School districts ought to have some flexibility in drawing up yearly attendance schedules. But a new proposal to reduce the school week to four days raises some serious questions.
Districts in some states already have adopted a four-day school week. Now, with rising energy costs and declining state revenues, some South Carolina districts are considering the idea.
Under this proposal, the school day would be longer, but students would get three days off instead of two. A school district in Kentucky has been using the system since 2003, and officials there say the district has saved hundreds of thousands of dollars in transportation and energy costs. At the same time, test scores have gone up and morale has improved.
We are skeptical, however, that every district would see the same results. State law requires South Carolina students to attend school for at least 180 days. How would school districts make up the lost days if they were to go to a four-day week?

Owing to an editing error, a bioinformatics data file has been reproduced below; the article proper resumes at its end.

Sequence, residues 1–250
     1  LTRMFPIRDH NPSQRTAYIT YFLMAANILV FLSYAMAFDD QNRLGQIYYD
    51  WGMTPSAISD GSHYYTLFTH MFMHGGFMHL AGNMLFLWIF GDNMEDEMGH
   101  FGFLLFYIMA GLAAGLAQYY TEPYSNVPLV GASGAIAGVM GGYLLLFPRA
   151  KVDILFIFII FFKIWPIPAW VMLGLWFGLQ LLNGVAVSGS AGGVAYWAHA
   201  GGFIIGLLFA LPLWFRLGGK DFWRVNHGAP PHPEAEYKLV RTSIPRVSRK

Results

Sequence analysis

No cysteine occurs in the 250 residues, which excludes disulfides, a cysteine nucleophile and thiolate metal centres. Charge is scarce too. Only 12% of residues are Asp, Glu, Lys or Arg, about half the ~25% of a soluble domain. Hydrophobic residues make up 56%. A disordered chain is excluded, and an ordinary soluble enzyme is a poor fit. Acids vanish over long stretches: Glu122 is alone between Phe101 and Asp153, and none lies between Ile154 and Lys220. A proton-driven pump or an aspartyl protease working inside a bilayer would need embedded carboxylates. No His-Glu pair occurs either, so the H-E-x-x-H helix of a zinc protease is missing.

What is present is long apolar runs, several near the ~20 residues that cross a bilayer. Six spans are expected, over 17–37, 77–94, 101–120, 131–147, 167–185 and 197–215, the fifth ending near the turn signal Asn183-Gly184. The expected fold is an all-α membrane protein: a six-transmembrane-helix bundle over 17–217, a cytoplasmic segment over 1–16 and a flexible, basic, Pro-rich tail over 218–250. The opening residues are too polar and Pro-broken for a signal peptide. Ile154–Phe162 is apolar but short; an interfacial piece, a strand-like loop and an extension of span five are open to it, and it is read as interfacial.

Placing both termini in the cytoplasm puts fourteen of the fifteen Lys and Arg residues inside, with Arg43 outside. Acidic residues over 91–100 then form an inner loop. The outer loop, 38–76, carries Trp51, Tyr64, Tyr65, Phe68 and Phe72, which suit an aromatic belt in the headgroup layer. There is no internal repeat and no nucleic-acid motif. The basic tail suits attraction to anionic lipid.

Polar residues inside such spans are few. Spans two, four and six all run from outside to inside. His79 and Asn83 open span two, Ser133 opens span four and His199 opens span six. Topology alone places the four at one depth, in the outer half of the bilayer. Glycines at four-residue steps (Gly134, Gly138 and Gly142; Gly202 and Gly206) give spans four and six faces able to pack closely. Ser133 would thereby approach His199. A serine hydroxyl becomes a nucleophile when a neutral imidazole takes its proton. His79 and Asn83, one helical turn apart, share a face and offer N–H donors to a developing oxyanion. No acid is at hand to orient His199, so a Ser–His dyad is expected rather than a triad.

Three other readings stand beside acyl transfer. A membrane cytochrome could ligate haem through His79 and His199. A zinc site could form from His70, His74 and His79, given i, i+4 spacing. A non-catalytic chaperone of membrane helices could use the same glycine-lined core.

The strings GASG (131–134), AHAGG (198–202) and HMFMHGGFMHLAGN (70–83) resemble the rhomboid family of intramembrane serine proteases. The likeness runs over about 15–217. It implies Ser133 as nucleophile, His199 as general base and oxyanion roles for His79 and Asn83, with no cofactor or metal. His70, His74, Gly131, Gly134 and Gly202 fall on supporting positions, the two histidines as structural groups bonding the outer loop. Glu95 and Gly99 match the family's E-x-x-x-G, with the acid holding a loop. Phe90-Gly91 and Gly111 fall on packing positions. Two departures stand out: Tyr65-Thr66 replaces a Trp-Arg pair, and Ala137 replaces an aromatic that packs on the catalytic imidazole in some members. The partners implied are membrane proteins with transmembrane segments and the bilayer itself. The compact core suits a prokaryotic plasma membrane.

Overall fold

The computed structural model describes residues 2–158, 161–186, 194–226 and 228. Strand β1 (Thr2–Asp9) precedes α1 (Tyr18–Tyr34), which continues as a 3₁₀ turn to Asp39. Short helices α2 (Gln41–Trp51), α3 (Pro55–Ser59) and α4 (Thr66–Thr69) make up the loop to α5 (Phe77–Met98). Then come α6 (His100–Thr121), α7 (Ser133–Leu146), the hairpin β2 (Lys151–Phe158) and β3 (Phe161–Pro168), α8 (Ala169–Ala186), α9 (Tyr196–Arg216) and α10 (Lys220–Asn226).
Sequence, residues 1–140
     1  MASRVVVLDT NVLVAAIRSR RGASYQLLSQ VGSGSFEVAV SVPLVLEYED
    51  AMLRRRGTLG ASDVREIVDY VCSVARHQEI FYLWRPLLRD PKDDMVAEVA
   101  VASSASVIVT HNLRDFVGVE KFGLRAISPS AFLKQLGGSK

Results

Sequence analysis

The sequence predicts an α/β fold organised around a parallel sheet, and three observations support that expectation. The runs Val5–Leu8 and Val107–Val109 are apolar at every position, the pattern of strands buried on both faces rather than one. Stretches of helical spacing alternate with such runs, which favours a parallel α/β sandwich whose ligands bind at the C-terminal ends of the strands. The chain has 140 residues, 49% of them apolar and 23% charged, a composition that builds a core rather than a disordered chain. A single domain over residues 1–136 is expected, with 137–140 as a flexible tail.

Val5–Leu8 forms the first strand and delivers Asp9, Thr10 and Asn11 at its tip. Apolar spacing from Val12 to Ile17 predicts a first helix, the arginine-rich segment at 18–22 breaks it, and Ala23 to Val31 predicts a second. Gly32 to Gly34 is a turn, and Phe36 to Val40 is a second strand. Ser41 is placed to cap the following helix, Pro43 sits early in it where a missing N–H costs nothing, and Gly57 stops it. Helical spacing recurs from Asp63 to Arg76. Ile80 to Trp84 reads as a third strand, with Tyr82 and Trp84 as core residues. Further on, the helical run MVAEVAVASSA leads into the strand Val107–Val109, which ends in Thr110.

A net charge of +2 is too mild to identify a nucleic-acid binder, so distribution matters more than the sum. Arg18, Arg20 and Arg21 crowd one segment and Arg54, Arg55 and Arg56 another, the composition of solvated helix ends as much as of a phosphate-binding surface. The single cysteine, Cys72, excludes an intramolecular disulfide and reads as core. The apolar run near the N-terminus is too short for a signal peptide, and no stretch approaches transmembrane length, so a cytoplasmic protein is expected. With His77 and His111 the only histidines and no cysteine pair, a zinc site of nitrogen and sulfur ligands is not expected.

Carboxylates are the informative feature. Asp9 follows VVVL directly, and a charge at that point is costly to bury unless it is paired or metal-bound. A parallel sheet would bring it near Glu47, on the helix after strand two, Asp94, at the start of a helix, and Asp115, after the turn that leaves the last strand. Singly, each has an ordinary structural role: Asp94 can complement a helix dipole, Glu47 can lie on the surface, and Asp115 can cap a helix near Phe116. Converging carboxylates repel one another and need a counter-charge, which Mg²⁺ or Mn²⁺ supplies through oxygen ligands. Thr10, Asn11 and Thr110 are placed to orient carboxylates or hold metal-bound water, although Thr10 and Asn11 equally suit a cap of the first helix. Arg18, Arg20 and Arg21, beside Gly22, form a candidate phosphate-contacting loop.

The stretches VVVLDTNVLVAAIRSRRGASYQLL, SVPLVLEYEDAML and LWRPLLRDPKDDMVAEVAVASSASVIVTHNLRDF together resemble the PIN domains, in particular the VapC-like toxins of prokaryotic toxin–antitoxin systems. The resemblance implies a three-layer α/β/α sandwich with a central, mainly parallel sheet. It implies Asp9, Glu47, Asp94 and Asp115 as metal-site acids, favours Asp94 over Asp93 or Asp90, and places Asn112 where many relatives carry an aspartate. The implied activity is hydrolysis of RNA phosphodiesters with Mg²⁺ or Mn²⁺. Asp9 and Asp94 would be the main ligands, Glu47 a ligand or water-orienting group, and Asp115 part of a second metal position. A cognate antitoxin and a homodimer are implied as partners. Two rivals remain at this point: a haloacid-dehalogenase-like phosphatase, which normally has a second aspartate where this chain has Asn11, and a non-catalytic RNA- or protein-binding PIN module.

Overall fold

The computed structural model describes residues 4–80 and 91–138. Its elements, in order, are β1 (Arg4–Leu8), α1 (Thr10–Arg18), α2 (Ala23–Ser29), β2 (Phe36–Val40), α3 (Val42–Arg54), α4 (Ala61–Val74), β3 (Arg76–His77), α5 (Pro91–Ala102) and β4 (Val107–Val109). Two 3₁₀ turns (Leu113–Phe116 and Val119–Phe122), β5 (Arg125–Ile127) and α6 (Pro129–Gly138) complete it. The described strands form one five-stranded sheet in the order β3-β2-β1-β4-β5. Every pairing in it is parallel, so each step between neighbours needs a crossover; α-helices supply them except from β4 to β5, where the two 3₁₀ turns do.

American students already spend less time in the classroom than most of their peers around the world. On average, U.S. students go to school 6.5 hours a day, 180 days a year, or about 799 hours a school year.
South Korean students attend school for 1,078 hours a year, and students in Austria, Belgium, Iceland, France, Spain and Australia, to name a few, are not far behind. The international average is 889 hours. Thus, the average school year is about three weeks longer than in the United States.
If anything, U.S. students need to be going to school more days out of the year, not fewer.
A four-day school week also poses significant logistical problems. What would working parents do with their children on the extra day when they are not in school?
Parents would either have to risk leaving their children home alone or pay to send them to a supervised activity center of some kind. Many families would find it hard to shoulder that new expense.
What may appeal to some as a quick fix for rising fuel costs could further erode the quality of education in the state. That's a fix we can't afford.
South Carolina students already are spending too few days in the classroom.
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